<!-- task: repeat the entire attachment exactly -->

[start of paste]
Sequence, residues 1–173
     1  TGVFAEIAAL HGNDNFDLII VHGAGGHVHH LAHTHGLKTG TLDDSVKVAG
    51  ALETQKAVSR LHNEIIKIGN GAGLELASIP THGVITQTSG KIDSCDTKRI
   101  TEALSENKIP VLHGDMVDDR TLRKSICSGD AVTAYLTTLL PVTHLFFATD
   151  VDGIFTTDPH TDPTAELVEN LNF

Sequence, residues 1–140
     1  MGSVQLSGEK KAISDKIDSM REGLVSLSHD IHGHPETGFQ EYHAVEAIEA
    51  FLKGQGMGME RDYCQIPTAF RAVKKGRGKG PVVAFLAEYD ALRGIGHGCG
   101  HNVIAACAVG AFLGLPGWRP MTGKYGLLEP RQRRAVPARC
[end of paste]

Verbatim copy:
Sequence, residues 1–173
     1  TGVFAEIAAL HGNDNFDLII VHGAGGHVHH LAHTHGLKTG TLDDSVKVAG
    51  ALETQKAVSR LHNEIIKIGN GAGLELASIP THGVITQTSG KIDSCDTKRI
   101  TEALSENKIP VLHGDMVDDR TLRKSICSGD AVTAYLTTLL PVTHLFFATD
   151  VDGIFTTDPH TDPTAELVEN LNF

Sequence, residues 1–140
     1  MGSVQLSGEK KAISDKIDSM REGLVSLSHD IHGHPETGFQ EYHAVEAIEA
    51  FLKGQGMGME RDYCQIPTAF RAVKKGRGKG PVVAFLAEYD ALRGIGHGCG
   101  HNVIAACAVG AFLGLPGWRP MTGKYGLLEP RQRRAVPARC